Some Tips on How Your HVAC System Uses ElectricityWith the advent of the Internet, urban myths have spread to the extent that repeated retelling can have us wrongly believing someone’s original speculation is fact. While this can be entertaining, the fun factor disappears when believing incorrect information costs money.

Electricity bills are high here in Indianapolis, because our cold winters and relatively hot summers call for residential HVAC installations to run pretty much year-round. Understanding exactly how your HVAC system uses electricity should effectively counter a couple of myths, then pay off in behavior that saves money.

Understanding Energy Efficiency

The efficient use of energy, and the term “energy conservation,” are sometimes used interchangeably. This is inaccurate:

  • Energy Efficiency is the practice of reducing fuel consumption while maintaining the same level of service.
  • Energy Conservation is the practice of reducing service to reduce consumption.

Most homeowners are happy with the programmed environments delivered by their HVAC systems, so they want to maintain that level of service while striving for the former, not the latter.


  • Is it more fuel-economic to slide your thermostat across to a very high setting when you first get home in the winter? Many people believe this will heat up the house faster, thus switching off the furnace sooner and saving money. Actually, the practice can cause the system to “overshoot”; the temperature will go up higher than you want, thus wasting money. Plus, even if you watch it closely, the system won’t arrive at your desired temperature any faster than if you had set the thermostat there in the first place.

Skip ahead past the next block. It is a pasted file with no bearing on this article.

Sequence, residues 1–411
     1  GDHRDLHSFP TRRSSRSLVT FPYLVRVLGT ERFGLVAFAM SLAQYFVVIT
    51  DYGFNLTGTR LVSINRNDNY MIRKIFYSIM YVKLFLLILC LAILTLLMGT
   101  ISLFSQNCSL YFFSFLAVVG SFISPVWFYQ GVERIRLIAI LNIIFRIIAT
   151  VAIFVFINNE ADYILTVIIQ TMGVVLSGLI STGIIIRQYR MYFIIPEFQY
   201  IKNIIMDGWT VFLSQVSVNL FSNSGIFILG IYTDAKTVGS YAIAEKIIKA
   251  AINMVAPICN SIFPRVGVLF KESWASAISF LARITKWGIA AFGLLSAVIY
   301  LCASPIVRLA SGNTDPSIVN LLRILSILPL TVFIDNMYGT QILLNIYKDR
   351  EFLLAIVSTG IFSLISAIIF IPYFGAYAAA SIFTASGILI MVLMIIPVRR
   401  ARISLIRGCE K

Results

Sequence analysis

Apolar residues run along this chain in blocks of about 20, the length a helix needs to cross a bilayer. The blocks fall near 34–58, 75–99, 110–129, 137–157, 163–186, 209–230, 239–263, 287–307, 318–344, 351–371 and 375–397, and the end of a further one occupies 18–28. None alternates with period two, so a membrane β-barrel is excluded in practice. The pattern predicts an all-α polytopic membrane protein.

• Is it true that leaving the A/C running all day at a moderate temperature saves cash? There’s a school of thought that contends that it’s cheaper to cool a home from a middling temperature than to ask your installation to cope with an overheated house. During moderate summer temperatures, this isn’t true. If your home is well-sealed and -insulated, you’re better off just turning your A/C off if nobody’s going to be home. The exception is during excessive heat, when you want to avoid forcing your cooling system to recover from 85 or 90 degrees inside the house.

Of course, everyone’s home and usage patterns are different. All across Marion County, satisfied customers rely on Mowery Heating, Cooling and Plumbing for advice on how their HVAC systems use electricity specifically applicable to their unique circumstances.

Our goal is to help educate our customers in Brownsburg, Indiana and surrounding areas about energy and home comfort issues (specific to HVAC systems). 

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